Sunday, 10 August 2008

ice [w. vladimir sorokin]

Ice is composed of four sections. The first tells the story of three Russians living in contemporary Moscow who are kidnapped, brutally assaulted, and then discover that something remarkable has happened to them, the full details of which are not disclosed. The second part is the story of a young woman in the second world war, who is indicted into the secret cult of the ICE, later returning to Russia to find other suitable converts. The third and fourth parts are negligible, throwaway addendums.

The cult that the individuals find themselves belonging to is one which is shaped by some kind of alien force; which leads people towards their rediscovered hearts. The way of unearthing which people are suitable to join the cult is to smash an ice-hammer against their breastbones, then listen to see whether their hearts 'talk' in response to the assault. (The ice of the ice hammer is made from a meteorite which has landed in Siberia, although it takes a while to realise this.) Once they have joined the cult, the neophytes learn how to speak with their hearts, discovering a purity which the rest of humanity has forgotten it ever possessed. The cult's mission will end, as is the way of cults, in the annihilation of humanity when the cult members are absorbed by the LIGHT, a kind of nirvanic bliss which supersedes materialism.

Sorokin uses a lot of capitals, which have the effect of stressing the child-like glee of the cult devotees, as they speak to one another with their enthusiastic, re-discovered hearts. The writing is laced with a populist trashiness, crudely described sex scenes sitting alongside moments of brash violence. The notes on the flyleaf reference Houllebecq, and Ice possesses a similar blend of high-falutin' ideas married to an almost anti-intellectual prose style.

What it all means, or perhaps that should be, 'signifies', is something I'm not altogether sure of. The second section, describing Khram's (the woman's 'heart-name') mission to establish the community of Ice in the post-war USSR allows Sorokin to do a breezy run-through of late Soviet history, linking it up to the present day. From Beria to Yeltsin, he describes how the Soviet Union functioned, before mutating into Russia. Khram's narrative makes a theoretical, fantastical sense out of a history which is still being carved out, above and beyond the obvious ideological shifts. The members of the sect don't care about politics, all that matters to them is the Ice, and in order to achieve their ends, they will always rise to the top of society.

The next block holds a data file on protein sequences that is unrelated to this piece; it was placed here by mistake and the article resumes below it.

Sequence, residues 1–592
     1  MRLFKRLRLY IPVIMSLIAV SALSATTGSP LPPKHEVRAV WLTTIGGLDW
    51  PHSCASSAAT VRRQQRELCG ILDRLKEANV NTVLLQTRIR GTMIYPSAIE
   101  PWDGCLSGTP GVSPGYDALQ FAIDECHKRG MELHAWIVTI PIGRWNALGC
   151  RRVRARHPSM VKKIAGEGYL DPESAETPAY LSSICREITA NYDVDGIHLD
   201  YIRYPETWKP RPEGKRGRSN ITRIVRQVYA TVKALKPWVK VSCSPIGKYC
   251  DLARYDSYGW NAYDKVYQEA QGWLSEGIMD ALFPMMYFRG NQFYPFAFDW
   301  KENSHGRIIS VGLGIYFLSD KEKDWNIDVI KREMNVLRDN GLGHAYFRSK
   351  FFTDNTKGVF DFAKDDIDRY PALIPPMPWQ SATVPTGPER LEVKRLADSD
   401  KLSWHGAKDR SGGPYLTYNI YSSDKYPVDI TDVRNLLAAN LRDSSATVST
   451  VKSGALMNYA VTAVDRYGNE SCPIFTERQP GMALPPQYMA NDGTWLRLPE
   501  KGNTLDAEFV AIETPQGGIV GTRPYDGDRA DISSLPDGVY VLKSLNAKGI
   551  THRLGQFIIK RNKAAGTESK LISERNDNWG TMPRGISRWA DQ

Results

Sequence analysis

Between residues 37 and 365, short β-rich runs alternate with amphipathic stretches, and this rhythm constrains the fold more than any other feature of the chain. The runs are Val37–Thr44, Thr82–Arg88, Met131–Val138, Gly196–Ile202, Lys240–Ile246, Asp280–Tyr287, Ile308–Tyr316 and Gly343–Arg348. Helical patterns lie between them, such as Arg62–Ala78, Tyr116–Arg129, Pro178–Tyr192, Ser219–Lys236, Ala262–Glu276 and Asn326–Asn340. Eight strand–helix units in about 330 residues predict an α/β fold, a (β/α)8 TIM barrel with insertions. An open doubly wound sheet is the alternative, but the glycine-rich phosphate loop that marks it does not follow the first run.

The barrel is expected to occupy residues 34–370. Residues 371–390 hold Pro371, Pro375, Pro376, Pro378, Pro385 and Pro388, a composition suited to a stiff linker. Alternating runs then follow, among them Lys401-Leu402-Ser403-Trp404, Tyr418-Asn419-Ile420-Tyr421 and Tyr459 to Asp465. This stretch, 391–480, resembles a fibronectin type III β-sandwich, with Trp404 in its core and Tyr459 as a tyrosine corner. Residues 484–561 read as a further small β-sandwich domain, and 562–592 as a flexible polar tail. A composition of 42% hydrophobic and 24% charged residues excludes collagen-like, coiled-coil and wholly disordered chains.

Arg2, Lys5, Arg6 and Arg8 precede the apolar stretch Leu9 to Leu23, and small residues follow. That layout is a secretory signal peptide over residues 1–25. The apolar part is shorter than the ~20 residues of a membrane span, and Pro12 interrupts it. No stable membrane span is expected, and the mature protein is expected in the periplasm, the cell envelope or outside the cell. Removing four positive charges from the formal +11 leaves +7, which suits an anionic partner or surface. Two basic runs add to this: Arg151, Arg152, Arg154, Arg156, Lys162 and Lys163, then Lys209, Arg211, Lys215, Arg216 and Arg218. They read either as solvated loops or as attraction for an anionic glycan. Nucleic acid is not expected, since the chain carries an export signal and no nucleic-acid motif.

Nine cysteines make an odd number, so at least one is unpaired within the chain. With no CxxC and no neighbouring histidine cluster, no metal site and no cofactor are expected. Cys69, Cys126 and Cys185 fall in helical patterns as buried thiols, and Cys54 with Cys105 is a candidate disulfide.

In that sense Sorokin's book has elements of David Icke's Lizards or conspiracies such as the Bildenberg society. Certainly there appears to be a neo-fascist element to the sect, which has been nurtured in Nazi Austria, and only recruits the blond and blue-eyed. It may well be that there's a clear and apparent satire which any Russian would recognise at work in these pages. The thing that makes the book curious, however, is that the nirvanic ideas which the cult ferments possess a near-mystical beauty. The notion that we no longer listen to our hearts, and that though that deafness we have lost touch with the potentially angelic simplicity of being human, is beguiling. As Russia crashes through the glass ceiling into the sordid world of capitalism, what happens to the messianic drive which is latent in much of its literature as well as its political history? It is not hard to envision Dostoyevsky's visionary misfits being attracted to a society of the heart, where the purity of love supersedes the materialistic drive.

In some ways, Ice is a frustrating book, which throws its narrative(s) away all too readily, and appears to want to introduce significant ideas without taking them all that seriously. However, (and this is one of those occasions when the reader's ignorance should be mentioned as a disclaimer), it's probably to a book's credit when you come away from it going - what the hell was that? Was it rubbish? Did it really have flashes of brilliance? Did it mean anything at all? Sorokin's book comes across as a provocation. A provocation as to what, remains far from clear, but better to be provoked and frustrated than mollycoddled.

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